Metro 108

Richard Herring: I like yoghurt and I’m not desserting the issue

Friday 28 Mar 2014 
I was in my Sainsbury’s Local the other day, picking up a few provisions.
Among a varied basket of items I placed nine yoghurts. I thought while I was there I may as well buy a few. That would keep me going for nine days of a yoghurt a day. Or five days of two yoghurts a day (except for one of the days when I would have only one yoghurt). Or 18 days of a yoghurt (on average) every other day.
There are several other permutations. I am not going through them all now! Because I want to leave you the fun of working them out for yourself.
Whatever the combination, I wasn’t going to have to worry about buying any more yoghurts for a minimum of five days. And only then in the unlikely event that I wanted two yoghurts a day. Which I very rarely do.
I don’t know how many yoghurts I eat on average. I don’t keep statistics on that. I have a life. But if I had to guess, I would say I ate two yoghurts every three days or 0.6 recurring yoghurts a day. In that case, I wouldn’t need to buy any more yoghurts for practically a fortnight.
When I got to the checkout, the assistant started scanning the items. Then she noticed the yoghurts and looked at me and said: ‘Someone likes yoghurts!’ I didn’t know what to say.
It’s true. I do quite like yoghurts but no more than the average lactose-tolerant person. She was clearly sarcastically implying that I liked yoghurts more than a normal person would. Or should. Like there was something kinky about my yoghurt interest.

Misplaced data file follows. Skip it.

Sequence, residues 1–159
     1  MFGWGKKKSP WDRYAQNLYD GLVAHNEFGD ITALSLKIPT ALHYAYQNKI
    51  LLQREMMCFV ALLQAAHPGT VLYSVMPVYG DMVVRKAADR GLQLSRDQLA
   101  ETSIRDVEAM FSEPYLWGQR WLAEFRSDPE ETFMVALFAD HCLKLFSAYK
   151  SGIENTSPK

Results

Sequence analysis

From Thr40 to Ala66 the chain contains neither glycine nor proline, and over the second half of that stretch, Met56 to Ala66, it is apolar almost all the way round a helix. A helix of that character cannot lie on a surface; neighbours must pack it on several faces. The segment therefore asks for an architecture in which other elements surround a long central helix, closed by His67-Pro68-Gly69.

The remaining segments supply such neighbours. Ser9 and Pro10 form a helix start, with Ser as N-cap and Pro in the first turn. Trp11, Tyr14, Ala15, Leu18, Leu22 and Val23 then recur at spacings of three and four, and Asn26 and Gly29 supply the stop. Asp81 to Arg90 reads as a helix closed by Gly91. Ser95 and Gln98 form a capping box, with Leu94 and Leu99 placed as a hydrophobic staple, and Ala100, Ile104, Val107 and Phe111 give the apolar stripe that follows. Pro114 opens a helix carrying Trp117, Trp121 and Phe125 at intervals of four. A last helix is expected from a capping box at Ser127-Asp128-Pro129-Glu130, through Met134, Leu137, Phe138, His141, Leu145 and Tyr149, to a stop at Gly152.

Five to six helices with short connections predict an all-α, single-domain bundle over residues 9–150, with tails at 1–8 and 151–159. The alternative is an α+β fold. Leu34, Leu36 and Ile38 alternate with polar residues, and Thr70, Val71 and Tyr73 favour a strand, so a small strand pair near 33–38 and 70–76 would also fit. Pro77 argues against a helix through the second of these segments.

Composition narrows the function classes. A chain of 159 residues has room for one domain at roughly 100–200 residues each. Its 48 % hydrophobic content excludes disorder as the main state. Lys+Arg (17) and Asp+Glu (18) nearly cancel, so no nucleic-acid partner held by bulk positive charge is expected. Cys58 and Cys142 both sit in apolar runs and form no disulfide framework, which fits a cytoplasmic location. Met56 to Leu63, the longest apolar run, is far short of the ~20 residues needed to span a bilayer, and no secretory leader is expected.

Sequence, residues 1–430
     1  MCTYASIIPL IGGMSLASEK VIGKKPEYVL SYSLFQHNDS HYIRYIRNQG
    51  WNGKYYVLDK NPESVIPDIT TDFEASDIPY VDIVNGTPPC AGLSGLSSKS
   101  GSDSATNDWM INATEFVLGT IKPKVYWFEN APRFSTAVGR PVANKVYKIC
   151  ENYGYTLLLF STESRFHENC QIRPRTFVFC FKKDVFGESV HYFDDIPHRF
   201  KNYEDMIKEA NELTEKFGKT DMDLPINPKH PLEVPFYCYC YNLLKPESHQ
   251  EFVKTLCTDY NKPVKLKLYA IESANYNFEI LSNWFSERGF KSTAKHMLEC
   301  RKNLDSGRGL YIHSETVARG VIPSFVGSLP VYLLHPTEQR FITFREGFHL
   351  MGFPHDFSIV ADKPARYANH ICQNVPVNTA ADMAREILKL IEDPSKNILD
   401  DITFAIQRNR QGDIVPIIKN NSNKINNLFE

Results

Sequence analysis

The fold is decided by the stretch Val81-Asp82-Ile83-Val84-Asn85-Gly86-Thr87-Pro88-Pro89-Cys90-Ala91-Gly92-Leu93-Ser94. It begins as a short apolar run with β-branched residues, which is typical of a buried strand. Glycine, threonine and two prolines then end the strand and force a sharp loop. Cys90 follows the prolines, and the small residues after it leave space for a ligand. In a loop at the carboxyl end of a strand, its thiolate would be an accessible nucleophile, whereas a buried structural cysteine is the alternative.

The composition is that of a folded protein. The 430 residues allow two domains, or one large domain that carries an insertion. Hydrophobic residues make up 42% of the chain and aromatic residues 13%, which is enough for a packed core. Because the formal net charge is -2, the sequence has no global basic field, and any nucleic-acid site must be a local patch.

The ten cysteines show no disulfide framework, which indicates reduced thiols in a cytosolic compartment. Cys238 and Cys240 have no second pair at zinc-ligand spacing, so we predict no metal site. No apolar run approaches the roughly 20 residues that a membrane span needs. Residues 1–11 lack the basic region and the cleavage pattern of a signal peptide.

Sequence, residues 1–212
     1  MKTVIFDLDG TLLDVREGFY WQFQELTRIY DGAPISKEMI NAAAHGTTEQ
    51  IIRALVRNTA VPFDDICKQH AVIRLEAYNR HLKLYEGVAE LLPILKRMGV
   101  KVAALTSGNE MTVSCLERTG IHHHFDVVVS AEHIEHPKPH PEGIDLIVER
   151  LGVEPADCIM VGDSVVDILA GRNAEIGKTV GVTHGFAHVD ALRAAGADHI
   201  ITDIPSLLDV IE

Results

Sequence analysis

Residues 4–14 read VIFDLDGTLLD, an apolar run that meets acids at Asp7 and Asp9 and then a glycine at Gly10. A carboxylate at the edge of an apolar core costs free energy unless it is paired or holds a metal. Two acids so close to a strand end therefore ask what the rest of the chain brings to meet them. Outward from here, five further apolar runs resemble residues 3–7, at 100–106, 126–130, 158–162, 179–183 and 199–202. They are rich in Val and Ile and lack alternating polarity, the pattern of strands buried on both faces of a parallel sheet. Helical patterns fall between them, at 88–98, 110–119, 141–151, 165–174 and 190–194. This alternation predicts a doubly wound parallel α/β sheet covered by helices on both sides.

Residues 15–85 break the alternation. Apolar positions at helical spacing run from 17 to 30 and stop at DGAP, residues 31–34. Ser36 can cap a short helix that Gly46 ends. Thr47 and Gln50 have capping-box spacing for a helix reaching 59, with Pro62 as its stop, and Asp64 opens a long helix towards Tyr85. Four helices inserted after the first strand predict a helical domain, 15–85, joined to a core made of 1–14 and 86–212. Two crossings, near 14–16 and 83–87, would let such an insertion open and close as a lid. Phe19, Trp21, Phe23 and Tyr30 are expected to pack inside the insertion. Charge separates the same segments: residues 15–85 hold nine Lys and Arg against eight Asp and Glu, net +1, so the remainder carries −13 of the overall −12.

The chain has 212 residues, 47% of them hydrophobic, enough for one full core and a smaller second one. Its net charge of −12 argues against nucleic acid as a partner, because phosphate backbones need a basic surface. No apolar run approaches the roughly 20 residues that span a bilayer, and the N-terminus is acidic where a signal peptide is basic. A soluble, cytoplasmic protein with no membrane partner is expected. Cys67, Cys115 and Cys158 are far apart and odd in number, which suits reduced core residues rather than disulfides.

In fact she was so amazed that a man could walk into a supermarket, of all places, and buy nine yoghurts all at once, she lifted the basket towards a work colleague and said: ‘Look at all the yoghurts.’ I felt humiliated.
I was being treated as if I was planning to get all nine yoghurts out of the bag the moment I was out of the shop and scoop them all into my greedy mouth, like I was some kind of yoghurt obsessed freak yoghurt-addict rather than, as was the case, a normal yoghurt consumer who merely wished to ensure a ready supply of yoghurts in his fridge in case he got a perfectly natural craving for a yoghurt (probably as a pudding or a mid-afternoon snack).
In any case, I don’t think it is her place, as a checkout girl, to pass comment on my groceries. So what if I did like yoghurt more than the average customer? That was my business.
What if I’d purchased nine boxes of condoms – would she have said: ‘Ooooh, someone likes sex?’ Or nine pornographic magazines – ‘Someone likes masturbating?’ How about nine packs of toilet rolls – ‘Blimey, someone likes s***ting’?
No, I would expect discretion. Just as I expect discretion about my (normal) yoghurt consumption. Anyway, it was only nine yoghurts – it’s not that many.
I might have been having a dinner party with eight guests and giving everyone a nice Müllerlight yoghurt for dessert. Then I’d only be having one yoghurt – hardly the actions of someone who deserves to have that yoghurt consumption lampooned.
Now every time I pop into that shop, all the staff will be looking at me, sniggering and whispering: ‘There he is, Mr Nine Yoghurts.’
Then if I buy nine yoghurts they’ll all laugh at me. If I don’t buy any yoghurts, they’ll assume I’m getting my stash from somewhere else. My life is ruined.